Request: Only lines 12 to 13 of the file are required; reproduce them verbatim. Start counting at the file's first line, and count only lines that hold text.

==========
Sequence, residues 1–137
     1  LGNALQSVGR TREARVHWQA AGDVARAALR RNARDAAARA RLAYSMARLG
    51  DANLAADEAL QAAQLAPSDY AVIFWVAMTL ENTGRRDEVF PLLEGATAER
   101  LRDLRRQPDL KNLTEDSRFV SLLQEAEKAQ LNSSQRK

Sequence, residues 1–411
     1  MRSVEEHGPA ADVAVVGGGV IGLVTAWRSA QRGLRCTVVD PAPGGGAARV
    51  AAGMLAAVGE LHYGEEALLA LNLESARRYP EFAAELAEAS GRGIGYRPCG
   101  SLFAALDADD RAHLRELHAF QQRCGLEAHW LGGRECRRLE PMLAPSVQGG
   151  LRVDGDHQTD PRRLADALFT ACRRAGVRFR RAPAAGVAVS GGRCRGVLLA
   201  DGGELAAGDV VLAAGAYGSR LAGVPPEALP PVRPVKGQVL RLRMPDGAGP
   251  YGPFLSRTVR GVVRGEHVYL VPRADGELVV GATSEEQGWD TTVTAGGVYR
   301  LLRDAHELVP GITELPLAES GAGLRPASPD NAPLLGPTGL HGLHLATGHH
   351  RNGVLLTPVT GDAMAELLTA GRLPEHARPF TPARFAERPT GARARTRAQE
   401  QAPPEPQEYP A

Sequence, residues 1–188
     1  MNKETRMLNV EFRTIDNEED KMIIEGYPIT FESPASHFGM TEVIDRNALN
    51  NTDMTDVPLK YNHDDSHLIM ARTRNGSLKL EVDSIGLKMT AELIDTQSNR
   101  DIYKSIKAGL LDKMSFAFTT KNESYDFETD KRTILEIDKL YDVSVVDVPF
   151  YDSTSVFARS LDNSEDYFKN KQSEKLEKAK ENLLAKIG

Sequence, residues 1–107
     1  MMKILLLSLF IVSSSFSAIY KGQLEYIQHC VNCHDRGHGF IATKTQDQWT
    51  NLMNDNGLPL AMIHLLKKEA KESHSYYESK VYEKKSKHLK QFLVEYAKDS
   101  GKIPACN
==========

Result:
   301  LLRDAHELVP GITELPLAES GAGLRPASPD NAPLLGPTGL HGLHLATGHH
   351  RNGVLLTPVT GDAMAELLTA GRLPEHARPF TPARFAERPT GARARTRAQE